Google is an internet titan – the clear choice for searching the web, the simplest way to buy ads, or earn money from others’ ads, the best way to find directions and search the globe, the best way to email and collaborate in the cloud. It’s also a great way to find images of any kind, news, books, and more. It’s the maker of a popular web browser and even a popular open source mobile device platform.
Just to name a few things that Google does.
But Facebook, the social network born out of a Harvard University dorm originally exclusive to Harvard students, is hot on Google’s tail.
The social network offers its 500 million users myriad ways to communicate with each other – instant messaging, text messaging, walls, “likes,” comments, and even emails now – in addition to its numerous other services, like photo and video uploading, and groups, events, and fanpages for any service, product, campaign, company, or celebrity.
Just to name a few things that Facebook does.
They’re not direct competitors, though, but in some ways they are – Facebook and Google both use advertising to dominate sky-high revenues, and they both want to be vast hubs for information and social engagement. Quoth The Province:
While Google delivers search results selected by algorithms that take into account a user’s Web history, Facebook boasts a richer level of personalisation based on one’s own “likes” and the recommendations of Facebook friends.
Mark Zuckerberg, who founded Facebook in his Harvard University dorm room six years ago and is now worth an estimated 6.9 billion dollars, refers to it as the “social graph”.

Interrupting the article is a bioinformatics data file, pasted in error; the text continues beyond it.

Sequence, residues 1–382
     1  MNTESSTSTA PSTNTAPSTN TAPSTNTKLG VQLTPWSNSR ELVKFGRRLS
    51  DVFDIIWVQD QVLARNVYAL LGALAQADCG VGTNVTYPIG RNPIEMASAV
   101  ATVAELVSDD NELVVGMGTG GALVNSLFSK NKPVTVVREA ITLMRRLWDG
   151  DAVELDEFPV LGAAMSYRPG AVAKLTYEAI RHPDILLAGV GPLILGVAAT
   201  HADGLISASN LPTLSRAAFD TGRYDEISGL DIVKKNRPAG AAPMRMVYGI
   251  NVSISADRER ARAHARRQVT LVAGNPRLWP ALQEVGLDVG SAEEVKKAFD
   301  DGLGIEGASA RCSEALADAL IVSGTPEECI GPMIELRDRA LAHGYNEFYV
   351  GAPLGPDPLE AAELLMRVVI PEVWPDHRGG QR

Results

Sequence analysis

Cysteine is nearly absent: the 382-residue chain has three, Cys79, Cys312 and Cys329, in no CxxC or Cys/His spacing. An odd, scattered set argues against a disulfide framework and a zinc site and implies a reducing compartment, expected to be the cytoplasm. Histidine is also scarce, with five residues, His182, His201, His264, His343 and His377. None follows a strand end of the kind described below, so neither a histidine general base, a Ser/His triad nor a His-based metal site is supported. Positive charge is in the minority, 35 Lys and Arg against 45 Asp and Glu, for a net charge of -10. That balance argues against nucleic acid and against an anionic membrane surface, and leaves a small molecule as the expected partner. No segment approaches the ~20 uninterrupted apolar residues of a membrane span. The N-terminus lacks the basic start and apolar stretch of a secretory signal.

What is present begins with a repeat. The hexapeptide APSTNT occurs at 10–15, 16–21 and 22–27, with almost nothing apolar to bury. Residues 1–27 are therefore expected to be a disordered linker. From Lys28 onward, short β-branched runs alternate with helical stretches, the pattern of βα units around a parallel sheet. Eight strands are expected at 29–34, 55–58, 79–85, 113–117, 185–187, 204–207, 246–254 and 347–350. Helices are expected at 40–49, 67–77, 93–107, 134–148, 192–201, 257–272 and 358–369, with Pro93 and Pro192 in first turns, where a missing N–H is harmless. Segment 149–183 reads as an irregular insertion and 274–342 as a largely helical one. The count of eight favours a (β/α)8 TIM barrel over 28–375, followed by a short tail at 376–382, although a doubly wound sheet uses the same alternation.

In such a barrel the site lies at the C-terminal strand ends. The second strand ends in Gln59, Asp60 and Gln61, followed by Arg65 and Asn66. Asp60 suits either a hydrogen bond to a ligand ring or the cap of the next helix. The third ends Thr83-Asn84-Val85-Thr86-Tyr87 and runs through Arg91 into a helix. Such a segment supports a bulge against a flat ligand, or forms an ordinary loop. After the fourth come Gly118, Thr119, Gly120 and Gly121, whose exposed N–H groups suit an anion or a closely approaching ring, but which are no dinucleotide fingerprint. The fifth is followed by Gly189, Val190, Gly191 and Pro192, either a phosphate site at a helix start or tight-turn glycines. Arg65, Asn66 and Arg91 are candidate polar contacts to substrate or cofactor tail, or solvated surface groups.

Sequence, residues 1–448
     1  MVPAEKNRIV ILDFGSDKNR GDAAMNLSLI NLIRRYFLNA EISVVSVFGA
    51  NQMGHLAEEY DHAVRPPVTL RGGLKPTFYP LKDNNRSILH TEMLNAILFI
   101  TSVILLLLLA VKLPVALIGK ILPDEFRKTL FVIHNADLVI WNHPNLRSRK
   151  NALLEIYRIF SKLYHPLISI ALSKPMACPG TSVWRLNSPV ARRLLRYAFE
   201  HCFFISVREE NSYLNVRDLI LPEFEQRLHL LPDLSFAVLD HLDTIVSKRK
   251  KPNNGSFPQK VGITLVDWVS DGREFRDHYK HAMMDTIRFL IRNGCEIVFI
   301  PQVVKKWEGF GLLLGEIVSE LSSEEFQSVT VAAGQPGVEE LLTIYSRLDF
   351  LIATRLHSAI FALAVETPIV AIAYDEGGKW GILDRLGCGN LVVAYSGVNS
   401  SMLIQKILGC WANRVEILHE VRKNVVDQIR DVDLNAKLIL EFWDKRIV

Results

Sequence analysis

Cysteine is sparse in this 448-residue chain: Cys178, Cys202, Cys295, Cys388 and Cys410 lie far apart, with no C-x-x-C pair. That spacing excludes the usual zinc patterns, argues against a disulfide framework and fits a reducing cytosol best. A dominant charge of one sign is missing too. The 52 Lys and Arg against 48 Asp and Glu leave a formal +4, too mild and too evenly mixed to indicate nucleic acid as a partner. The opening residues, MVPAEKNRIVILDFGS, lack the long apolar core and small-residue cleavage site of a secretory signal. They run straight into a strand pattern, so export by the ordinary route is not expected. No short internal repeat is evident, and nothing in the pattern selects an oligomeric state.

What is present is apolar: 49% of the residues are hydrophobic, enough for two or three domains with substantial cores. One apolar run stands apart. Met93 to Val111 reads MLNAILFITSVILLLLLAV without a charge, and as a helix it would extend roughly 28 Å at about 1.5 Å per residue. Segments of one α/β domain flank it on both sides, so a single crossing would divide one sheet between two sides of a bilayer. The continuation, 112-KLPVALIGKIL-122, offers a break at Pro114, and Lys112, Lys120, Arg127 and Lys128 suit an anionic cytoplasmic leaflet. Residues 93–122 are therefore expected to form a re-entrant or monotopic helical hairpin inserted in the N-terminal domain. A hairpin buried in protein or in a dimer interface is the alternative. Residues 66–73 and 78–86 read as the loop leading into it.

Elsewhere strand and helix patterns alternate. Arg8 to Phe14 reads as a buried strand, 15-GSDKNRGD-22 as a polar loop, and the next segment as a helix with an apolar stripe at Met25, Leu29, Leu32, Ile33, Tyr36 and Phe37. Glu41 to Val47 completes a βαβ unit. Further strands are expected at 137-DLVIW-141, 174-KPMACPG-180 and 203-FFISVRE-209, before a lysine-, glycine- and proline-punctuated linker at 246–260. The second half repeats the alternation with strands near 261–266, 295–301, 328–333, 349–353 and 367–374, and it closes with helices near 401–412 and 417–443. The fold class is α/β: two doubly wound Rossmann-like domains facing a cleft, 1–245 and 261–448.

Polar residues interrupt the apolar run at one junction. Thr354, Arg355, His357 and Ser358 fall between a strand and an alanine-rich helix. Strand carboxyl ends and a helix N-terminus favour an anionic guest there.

“I think what we’ve found is that when you can use products with your friends and your family and the people you care about they tend to be more engaging,” Mark once said in a TV interview.
“The social graph is incredibly broad,” Wedbush Securities social media analyst Lou Kerner told media recently. “It includes not only what you do and what you like but people you know and what they like and the companies you interact with. I refer to Facebook as the second Internet, maybe more valuable than the first because we’re all interconnected on it. Social media is an increasingly important part of how you reach people and it’s a growing part of every marketer’s budget. The idea is you do not want to fight Facebook, you want to embrace Facebook and leverage Facebook because this is where people are going to spend increasing amounts of time.”
According to online tracking firm comScore, Google receives more unique monthly visitors than Facebook but visitors to Facebook spend more time at the site than they do on Google properties.
Since this spring, Facebook has been rolling out features which put it on a collision course with Google – a facebook.com email service which competes with Google’s Gmail and “Facebook Questions,” a search engine of sorts which lets Facebook members ask questions and get answers from other members.
Facebook has also been facing off with Google on the hiring front, forcing the Mountain View, California-based Google to recently raise salaries by 10 percent across the board.
“They’ve become competitive in some areas, but it’s not that Facebook has grown at Google’s expense or that Facebook is growing and Google is shrinking,” Danny Sullivan, editor of technology blog SearchEngineLand.com, told media recently.
“Google is not going away,” agrees Lou. “Google, in fact, I think is going to benefit from the emergence of social media. Because what it’s doing is it’s driving people to spend more time online and when you’re spending more time online, you end up doing more searches.”
“Where they’ve really been encroaching on each other more is in the display space,” affirms Danny. “Facebook has a lot of people who buy display advertising. Google wants to sell more display advertising.” Google “has been trying to encroach on their social area, but they haven’t been very successful.”
Mark, in his TV interview, acknowledged that “there are areas where the companies compete.” But, he added, “there are all these areas where we just don’t compete at all.”
“Some of it plays very well for Google,” Danny belives. “It’s not necessarily to Google’s disadvantage that Facebook is growing.”